(i) Whats and Customer Importance: Customer requirements are structured using affinity and tree diagrams are shown as whats of the software-HOQ (Fig 7). The Whats are ranked in order of importance using the Analytic Hierarchy Process (Yoji Akao and Mazur 2003) and pair-wise comparison (Georg, Schockert and Werner 1995). The priority of customer importance displayed in the HOQ next to each customer voice has been obtained from the QFD team in a scale of 1 to 10. This gives the customer importance or priority rating for the whats of the software-HOQ. One implies low importance of priority and ten implies high importance of priority.

(ii) Hows : The technical requirements obtained similar to that of customer requirements are

shown as hows of the Software-HOQ carried out similar to the identification of customer requirements, using a Voice of the Engineer (Fig 8), and is shown in Fig 9. The difference is that

the members of the QFD team consist of the developers during the brainstorming session.

(iii) Target Values: The target values are obtained by converting technical requirements into

measurable quality elements. For the product in case these have been arrived at during the internal QFD meeting.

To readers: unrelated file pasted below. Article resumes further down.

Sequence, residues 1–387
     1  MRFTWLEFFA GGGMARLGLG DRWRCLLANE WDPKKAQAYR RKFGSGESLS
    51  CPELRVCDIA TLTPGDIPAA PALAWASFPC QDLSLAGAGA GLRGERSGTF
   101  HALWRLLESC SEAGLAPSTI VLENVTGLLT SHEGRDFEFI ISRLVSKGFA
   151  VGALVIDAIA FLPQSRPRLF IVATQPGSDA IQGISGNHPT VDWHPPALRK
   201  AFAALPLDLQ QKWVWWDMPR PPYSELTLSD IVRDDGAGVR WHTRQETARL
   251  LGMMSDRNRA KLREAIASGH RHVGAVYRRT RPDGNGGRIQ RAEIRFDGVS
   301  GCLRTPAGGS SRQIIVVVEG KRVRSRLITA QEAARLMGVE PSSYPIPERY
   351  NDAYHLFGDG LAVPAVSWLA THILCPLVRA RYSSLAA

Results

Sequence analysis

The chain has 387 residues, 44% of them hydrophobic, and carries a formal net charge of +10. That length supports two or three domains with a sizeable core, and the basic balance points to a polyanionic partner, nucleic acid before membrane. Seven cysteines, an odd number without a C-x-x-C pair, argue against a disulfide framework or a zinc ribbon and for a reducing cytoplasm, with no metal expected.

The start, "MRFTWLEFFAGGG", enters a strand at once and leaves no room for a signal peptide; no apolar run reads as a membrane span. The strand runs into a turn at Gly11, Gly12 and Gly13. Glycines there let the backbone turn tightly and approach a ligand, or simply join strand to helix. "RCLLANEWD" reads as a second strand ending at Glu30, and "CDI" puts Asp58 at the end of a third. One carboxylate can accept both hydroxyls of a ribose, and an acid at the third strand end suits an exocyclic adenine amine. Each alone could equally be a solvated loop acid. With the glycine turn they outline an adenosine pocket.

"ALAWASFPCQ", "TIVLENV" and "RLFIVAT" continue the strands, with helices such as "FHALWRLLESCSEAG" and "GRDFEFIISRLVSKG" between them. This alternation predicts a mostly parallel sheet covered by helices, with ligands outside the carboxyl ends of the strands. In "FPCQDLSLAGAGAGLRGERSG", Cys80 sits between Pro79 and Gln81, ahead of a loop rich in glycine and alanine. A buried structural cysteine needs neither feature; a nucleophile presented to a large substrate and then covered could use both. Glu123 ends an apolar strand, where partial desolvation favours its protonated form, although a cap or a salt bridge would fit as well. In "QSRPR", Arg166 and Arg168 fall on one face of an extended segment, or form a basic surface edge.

(iv) Relationship Matrix and Validation of Relations: The relationships between customer

requirements and technical requirements have been established through brainstorming involving the customer representatives also. The allocation and categorization of the relationships are carried out through careful consideration and are double-checked a number of times.

Referring to Fig 9, there is a strong relationship between the customer requirement ‘store image’ and the technical requirement ‘recording of image frame’. Similarly there exist a medium relationship between the customer requirement ‘responsive tip control’ and the ‘technical requirement ‘speed oscillation’, and a weak relationship between customer requirement ‘electronic documentation’ and the technical requirement ‘GUI navigation command’. The customer importance and organization difficulty ratings were obtained through brainstorming are validated using a questionnaire and hypothesis testing. A Questionnaire (Fig 12-21) has been developed in MS Excel and sent through E-mail to get response from the developers.

(v) Correlation “Roof” Matrix: The correlation “roof” matrix has been constructed next. This